As phishing and other social engineering scams become more commonplace and sophisticated, the human factor often is the weakest brick in the walls of a company’s information security.
Consider this statistic from a recent cybersecurity study: The average employee will click on one out of every 25 malicious messages. A layered strategy that includes firewalls, antivirus software, and encryption is all for naught if an employee clicks on a phishing link that gives a hacker the keys to the vault: unrestricted access to the corporate network.
Most businesses store or access a virtual treasure trove of data about employees, customers, and vendors. These stakeholders expect businesses to guard their personal information as if it were their own, and businesses should strive to instill that sense of personal responsibility throughout the entire organization.
Are Employees Guarding Personally Identifiable Information (PII)?
Accessing, working with, and storing this sensitive information is a great responsibility, and every individual who touches this information must take steps to protect it. The first step is to understand what information the business stores or accesses, from employee email addresses and passwords to social security numbers to healthcare claims data.
This information is alternately known as personally identifiable information (PII), personal private information, or personal private data. Regardless of the term used, the bottom line is that this information is not publicly available, and it can be used to steal an individual’s assets or identity.
What is at Risk?
Trust is the currency upon which businesses run, and breaches that become public can seriously damage a company’s reputation. The growing list of organizations that have fired executives in the wake of data breaches—from Target to Sony Pictures Entertainment to Ashley Madison—shows that the consequences can be dire for those who are deemed responsible for security lapses.
Forrester Research predicted that three out of five brands would discover a breach in 2015. Once a breach has occurred, regaining control of the information can be a daunting task that entails:
• Credit reporting for customers whose information was breached.
• Reporting in compliance with service-level agreements, non-disclosure agreements, and other contracts.
• Regulatory reporting requirements, such as state-level breach disclosure laws.
These reporting requirements can be expensive and time-consuming—on top of the potential loss of current and future business, and the cost of tightening information security controls. While the damage typically is much worse for the individual whose information was exposed, the financial and reputation damage for a business that is breached can be pervasive.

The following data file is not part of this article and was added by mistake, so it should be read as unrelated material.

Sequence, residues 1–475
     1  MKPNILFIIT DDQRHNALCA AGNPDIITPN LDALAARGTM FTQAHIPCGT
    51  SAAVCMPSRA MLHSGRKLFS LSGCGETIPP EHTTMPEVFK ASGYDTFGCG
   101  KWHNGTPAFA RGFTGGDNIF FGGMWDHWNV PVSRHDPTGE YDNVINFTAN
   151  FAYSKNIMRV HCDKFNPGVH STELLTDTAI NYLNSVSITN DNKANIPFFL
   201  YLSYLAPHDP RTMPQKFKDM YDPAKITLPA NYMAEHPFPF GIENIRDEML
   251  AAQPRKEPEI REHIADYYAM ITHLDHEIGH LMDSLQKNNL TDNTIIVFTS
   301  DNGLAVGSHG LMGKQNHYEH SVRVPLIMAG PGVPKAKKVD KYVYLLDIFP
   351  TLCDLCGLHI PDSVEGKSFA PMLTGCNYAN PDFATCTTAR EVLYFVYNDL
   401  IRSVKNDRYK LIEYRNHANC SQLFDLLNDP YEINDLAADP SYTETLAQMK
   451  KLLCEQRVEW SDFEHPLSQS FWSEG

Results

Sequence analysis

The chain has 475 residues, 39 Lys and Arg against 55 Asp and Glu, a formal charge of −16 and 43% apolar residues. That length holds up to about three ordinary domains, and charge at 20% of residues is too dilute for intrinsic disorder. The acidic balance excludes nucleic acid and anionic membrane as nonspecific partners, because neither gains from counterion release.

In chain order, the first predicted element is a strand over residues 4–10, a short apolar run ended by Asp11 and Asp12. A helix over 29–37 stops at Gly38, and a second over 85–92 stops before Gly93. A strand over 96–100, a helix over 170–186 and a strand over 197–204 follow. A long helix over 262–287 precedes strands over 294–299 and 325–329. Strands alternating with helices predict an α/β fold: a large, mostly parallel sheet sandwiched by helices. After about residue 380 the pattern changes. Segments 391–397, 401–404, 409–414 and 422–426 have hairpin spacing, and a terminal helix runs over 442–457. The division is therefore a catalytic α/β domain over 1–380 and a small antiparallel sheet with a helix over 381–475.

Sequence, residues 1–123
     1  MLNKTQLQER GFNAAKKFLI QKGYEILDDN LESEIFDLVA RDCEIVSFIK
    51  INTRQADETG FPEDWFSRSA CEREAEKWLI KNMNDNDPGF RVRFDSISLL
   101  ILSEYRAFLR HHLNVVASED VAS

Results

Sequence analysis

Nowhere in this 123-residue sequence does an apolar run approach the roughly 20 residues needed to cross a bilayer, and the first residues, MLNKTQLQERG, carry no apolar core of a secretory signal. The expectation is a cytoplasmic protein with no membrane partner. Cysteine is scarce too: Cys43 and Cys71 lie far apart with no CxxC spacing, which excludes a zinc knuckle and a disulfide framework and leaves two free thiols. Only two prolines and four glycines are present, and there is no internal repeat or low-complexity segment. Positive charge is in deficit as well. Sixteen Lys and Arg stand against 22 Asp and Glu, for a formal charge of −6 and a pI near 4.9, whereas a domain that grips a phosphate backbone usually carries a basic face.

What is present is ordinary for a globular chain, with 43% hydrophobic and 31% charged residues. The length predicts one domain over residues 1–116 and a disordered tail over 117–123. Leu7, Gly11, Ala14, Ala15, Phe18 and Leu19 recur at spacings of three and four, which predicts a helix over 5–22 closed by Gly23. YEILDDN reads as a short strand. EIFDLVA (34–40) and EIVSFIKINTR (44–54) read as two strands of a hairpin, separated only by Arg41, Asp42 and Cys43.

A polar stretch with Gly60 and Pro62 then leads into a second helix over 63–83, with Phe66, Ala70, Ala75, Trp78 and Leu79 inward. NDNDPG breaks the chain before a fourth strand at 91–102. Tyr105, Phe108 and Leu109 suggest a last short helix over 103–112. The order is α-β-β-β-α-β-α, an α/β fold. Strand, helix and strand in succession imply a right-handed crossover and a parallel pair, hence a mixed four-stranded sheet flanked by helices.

Creating a Cybersecurity Employee Culture of Vigilance
So what can business owners and executives do to instill a culture where everyone acts as a responsible steward of personal private data?
• Establish an appropriate tone at the top. Employees at every level—from the CEO to every part-time employee—must take data security seriously. At every opportunity, the top executive should make it clear that being a good steward of personal data is just as important as being a good steward of someone’s money or other valuables.
• Adopt company-wide policies. Every business should implement and update:
b. A policy detailing how employees can access systems that contain personal private data. This policy should include guidelines for strong passwords.
• Strengthen internal controls. Data security requires constant vigilance. Businesses must monitor and review controls (or lack thereof) that protect personal private data at each “touchpoint”—where people or information systems store or process that data. Then, they should implement a remediation strategy to correct any control deficiencies. Investing time and money to regularly monitor and test controls drives home the point that long-term security trumps short-term convenience.
• Reinforce the human firewall through training. The best technical controls in the world are only as effective as the people who use them. Employees who have access to, transmit, or store personal private data must understand what they must do to protect it and what to do if a breach is suspected. They will need cybersecurity training on common threats, such as email phishing, and on how to prevent a breach through proper use of email and encryption.
• Prepare for the worst. There are two types of companies: Those that have been breached, and those that do not yet know that they have been breached. Training must go beyond how to prevent a breach with technical controls to include what an individual should do when a breach is suspected or discovered. Companies should also put in place a company-wide communication plan that includes contractual and regulatory reporting obligations in the wake of a breach. For example, if sales managers notice suspicious activity suggesting a breach, to whom should they report that activity?
• Be ready to act quickly. A full incident response plan is a must in the preparation department. Quick and appropriate response to a minor data breach might prevent or mitigate the damage from a more serious breach.
Business leaders must take seriously their responsibility to protect the data entrusted to them. Making the necessary investments to create a culture of data security—though it will take money and time up front—can avert a far more costly data breach.
With expertise in data security, privacy regulations, and security best practices, CRI’s cybersecurity team can provide unbiased recommendations for risk mitigation strategies designed to protect your company. Contact us to schedule a consultation, and fortify your data stronghold.